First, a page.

How to Survive Toxic Family Gatherings
During the holiday season you may be required to attend a family gathering with a parent that may not have done their job for you while you were growing up.In my practice I’ve worked with hundreds of such adults who suffer through the holidays trying to make the best out of a very difficult situation. Let me break down some facts and then a winning strategy for you.
Facts-Parenting is all or nothing.
Parents sacrifice what they want for their children. That’s a big part of the parent job description. If your parent left you to find themselves, start a new relationship after they left your other parent, and didn’t make regular attempts to connect with you on a regular basis then they failed at parenting. That parent may be your biological parent but they didn’t parent you.
Some parents don’t have the skill. No matter how hard they think they try they don’t get it. Like a poor musician they don’t have the talent to be a parent.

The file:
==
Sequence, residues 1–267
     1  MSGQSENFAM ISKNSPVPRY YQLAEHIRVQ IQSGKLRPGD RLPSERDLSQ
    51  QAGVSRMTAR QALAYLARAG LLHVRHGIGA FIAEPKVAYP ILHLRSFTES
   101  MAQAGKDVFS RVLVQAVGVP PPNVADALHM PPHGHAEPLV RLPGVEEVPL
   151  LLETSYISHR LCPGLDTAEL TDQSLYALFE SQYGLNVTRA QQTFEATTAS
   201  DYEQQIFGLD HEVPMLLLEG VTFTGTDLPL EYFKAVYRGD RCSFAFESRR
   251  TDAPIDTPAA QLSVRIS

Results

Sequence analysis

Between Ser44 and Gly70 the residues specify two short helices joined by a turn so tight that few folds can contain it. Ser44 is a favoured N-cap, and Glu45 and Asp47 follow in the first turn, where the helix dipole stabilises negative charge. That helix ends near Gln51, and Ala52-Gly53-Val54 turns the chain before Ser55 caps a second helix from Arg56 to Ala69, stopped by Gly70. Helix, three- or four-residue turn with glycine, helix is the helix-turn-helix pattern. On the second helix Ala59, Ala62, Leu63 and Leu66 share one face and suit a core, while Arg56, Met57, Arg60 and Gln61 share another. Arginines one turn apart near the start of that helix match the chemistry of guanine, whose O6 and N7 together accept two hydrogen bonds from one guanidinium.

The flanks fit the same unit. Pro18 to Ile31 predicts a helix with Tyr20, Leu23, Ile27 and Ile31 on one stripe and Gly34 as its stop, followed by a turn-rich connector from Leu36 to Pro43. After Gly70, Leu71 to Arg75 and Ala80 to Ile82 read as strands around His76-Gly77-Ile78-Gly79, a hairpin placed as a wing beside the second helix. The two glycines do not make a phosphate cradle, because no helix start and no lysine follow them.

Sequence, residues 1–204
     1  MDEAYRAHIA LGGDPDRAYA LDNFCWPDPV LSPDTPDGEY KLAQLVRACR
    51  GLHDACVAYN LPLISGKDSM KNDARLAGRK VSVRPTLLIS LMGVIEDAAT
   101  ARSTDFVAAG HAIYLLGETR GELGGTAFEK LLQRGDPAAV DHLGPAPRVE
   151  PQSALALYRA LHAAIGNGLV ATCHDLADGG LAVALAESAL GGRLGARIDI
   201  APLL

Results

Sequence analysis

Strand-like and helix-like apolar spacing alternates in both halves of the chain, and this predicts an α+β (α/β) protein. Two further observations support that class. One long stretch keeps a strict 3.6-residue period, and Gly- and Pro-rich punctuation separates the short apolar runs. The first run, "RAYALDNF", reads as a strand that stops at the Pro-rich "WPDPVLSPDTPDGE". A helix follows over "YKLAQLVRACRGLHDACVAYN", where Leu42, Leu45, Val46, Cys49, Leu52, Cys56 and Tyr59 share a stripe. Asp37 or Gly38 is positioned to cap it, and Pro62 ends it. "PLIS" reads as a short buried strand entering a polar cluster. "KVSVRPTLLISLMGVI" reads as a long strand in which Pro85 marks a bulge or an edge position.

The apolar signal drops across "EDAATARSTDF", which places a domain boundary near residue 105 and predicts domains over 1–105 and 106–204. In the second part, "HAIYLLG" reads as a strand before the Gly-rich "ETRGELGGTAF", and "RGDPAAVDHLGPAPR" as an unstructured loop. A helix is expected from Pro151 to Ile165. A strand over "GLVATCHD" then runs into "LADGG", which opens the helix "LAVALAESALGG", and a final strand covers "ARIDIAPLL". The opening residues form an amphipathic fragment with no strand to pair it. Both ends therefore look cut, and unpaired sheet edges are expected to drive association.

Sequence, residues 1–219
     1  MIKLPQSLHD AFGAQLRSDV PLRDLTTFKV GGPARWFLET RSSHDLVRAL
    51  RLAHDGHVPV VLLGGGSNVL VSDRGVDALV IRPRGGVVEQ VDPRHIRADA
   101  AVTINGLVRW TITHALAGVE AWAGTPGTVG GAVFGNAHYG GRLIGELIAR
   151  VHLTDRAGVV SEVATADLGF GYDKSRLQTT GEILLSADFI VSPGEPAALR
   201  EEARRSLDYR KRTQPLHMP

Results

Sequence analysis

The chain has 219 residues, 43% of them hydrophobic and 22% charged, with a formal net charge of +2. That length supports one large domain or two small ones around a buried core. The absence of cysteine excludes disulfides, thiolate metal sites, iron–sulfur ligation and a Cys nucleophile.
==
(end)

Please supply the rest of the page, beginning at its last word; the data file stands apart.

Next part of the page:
If a parent alienated you from the other parent-they didn’t parent you either. If you were part of a difficult divorce as a child and the parent you stayed with continually berated and talked negatively of the other parent-they made a significant error. See #1.
Addiction isn’t a free pass. Yes if your parent was addicted to drugs or alcohol which lead to your not having a parent, it is a disease, but a fact and not an excuse. Steps can be taken once your parent is free of drugs and alcohol, regardless of your age, but first they must practice sobriety.
The toughest part to accept as an adult child during these holidays is that your biological parent didn’t parent you. It is also true that if you had a grandparent, uncle, aunt, step-mom or dad love and take care of you they ARE your parent.
What to do if you must visit with your biological parent that didn’t parent you. Time limit it. Decide to attend the function for 60 minutes or 2 hours maximum with clear entry and exit times. Don’t stay beyond 30 minutes if alcohol is part of the gathering. Remember to love and honor that other person who mentored you, influenced you or truly loved and sacrificed for you. Accept that they are your true parent(s) and after the obligatory toxic visit, go celebrate with them.